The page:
Sunday, April 11, 2010

Hunting Stories For Our Tribe

Storytellers and story catchers are hunter-gatherers, who go out in search of food for their tribe. Like the Amazonian shaman who explained the hunting ritual of his tribe, they say a prayer that expresses their intent to the Gods and Goddesses of the story telling family to send them the nourishment the tribe needs. Heart open and proceeding mindfully, they set off. Suddenly, the story jumps from where it was hiding in the bushes, as if to say, ‘take me.’
Story telling and story catching is a talent we’re all born with. Those who use storytelling actively in their lives have realized stories are how we connect soul to soul. Stories are how we face our monsters, and how we heal. They speak of love and courage, loss and heartache. They challenge and inspire us to fulfill our potential.
The garden behind our house and my father’s workbench were rich with stories. The dusty hills dotted with mesquite and Eucalyptus I roamed as a young girl gave me tales of arrowheads, snakes, coyotes and caves. The female mountain lion that understood my innocence and laid down nearby to rest for a while.
There were the concentration camp survivors who played jazz and drank vodka-laced tea in a cactus garden. Planted by an immigrant in honor of the city that had allowed him to prosper, Dante's Garden became the vessel where his hopes and dreams mingled with theirs.
There were the grandmothers and grandfathers I met in Golden Gate Park, carrying sharply pointed sticks and plastic bags they used to collect the trash and the litter. The group’s story is a legacy of compassion and caring for the community.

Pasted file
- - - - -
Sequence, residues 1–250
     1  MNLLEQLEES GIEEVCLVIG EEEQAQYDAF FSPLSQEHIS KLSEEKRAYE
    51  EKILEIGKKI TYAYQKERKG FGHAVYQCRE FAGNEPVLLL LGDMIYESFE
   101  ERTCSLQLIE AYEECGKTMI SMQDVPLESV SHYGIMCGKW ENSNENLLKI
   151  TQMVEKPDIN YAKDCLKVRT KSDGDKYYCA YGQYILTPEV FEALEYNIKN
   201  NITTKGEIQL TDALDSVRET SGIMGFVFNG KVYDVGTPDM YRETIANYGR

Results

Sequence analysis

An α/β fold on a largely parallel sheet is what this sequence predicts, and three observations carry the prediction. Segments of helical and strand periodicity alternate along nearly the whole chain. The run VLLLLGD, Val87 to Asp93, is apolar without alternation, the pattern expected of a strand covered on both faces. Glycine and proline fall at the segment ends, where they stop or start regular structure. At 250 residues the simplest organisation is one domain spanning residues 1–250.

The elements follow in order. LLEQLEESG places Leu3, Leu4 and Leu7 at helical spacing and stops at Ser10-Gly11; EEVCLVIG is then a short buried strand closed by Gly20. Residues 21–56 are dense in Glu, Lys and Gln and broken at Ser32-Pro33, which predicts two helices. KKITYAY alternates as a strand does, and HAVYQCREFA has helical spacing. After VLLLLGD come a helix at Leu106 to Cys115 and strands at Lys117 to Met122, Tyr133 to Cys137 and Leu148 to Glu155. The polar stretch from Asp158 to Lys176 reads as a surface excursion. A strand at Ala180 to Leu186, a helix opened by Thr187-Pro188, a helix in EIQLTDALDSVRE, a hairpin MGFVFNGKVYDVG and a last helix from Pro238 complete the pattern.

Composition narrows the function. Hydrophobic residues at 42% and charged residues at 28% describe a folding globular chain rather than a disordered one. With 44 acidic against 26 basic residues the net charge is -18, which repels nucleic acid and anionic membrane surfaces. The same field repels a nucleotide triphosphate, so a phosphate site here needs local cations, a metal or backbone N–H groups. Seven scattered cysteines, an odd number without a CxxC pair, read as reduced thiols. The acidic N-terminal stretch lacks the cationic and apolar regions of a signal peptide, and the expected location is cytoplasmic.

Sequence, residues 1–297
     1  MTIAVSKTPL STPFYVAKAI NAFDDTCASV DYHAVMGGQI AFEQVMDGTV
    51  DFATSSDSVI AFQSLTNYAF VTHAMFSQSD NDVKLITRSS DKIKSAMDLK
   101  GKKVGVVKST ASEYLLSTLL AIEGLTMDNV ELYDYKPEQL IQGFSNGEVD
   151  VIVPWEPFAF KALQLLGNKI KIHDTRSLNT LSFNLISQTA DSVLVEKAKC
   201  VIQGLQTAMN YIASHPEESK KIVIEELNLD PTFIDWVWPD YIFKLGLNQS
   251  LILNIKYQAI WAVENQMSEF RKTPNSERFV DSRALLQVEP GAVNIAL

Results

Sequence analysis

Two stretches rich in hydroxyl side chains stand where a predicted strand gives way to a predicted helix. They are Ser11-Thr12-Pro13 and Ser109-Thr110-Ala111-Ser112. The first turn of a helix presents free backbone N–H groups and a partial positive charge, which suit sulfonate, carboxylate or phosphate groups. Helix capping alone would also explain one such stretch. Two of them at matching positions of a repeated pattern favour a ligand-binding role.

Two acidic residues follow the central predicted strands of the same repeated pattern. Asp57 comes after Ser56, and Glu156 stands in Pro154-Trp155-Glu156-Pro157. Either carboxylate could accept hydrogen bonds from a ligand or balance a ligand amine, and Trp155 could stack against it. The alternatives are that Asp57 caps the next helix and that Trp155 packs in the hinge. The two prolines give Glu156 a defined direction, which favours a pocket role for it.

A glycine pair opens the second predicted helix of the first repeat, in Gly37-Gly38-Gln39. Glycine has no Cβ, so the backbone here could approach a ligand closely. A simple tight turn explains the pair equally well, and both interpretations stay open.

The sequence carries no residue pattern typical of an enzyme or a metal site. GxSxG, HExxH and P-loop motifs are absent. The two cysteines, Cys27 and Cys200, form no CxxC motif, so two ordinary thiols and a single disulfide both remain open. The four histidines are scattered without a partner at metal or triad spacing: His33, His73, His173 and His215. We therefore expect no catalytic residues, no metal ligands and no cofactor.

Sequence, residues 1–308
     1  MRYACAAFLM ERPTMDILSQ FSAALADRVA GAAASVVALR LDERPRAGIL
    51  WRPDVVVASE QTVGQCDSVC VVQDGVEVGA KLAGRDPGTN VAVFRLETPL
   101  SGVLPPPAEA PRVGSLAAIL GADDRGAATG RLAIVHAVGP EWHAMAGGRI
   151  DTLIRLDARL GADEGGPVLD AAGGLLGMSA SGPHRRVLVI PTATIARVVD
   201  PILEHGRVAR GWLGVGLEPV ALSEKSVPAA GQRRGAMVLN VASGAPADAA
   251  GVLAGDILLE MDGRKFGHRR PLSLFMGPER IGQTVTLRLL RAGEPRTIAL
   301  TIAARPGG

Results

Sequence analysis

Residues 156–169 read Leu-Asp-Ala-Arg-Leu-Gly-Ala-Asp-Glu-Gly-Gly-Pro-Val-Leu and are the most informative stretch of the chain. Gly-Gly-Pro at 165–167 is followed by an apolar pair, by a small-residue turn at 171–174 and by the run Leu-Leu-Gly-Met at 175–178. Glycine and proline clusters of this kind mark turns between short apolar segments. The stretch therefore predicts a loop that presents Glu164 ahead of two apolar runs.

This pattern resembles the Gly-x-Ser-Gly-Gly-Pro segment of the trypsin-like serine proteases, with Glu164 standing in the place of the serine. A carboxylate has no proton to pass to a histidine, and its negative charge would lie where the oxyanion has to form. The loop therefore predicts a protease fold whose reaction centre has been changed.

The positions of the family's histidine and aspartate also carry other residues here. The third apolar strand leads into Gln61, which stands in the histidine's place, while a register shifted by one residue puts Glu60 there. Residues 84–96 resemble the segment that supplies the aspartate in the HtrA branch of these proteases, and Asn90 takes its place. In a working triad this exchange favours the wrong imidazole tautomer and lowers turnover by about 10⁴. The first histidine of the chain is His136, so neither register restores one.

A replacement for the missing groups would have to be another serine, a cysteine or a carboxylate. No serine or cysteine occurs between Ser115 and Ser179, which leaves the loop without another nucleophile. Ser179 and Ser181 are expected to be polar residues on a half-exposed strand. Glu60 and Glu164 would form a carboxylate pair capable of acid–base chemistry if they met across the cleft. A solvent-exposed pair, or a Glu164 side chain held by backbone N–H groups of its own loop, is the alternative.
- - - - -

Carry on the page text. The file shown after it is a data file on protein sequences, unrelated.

Stories of synchronicity are full of special grace and revisited with wonder. I was in Mexico City when I was struck down by fever, swelling and excruciating pain. After several days in the hospital, where I was poked and drained of strange fluids, the diagnosis was I would never walk again without a cane. That the aches and stabs traveling up and down my legs would be my forever companions. Released after dark, I walked out into the street, sobbing. It was rush hour, cars and buses jammed end to end. The fumes were overwhelming. Alone, with no one to call, I started walking. Still new to the city I had no real idea of how far I needed to go. Reckless and in my 20s, I’d never given much thought to how I treated my body and now the ease and agility I’d enjoyed had disappeared. Caught between grieving and self-pity, I saw an old campesino step from a darkened doorway. Barefoot, dressed in white with a frayed straw hat, he began to walk along side me. I didn’t yet speak Spanish, but I knew those soft words he murmured, the little song he sang were meant to comfort. Leaning into the support he offered as he placed a firm hand under my elbow, I felt a gentle calm begin to settle over me. We walked for what must have been an hour. When we reached my door, he nodded and disappeared back into the shadows. Later, in my bed, I vowed not accept the life sentence the doctors had handed me. That was the beginning of a longer story about personal growth and healing. And when I tell it, I always start in Mexico City when I walked in the company of an angel.

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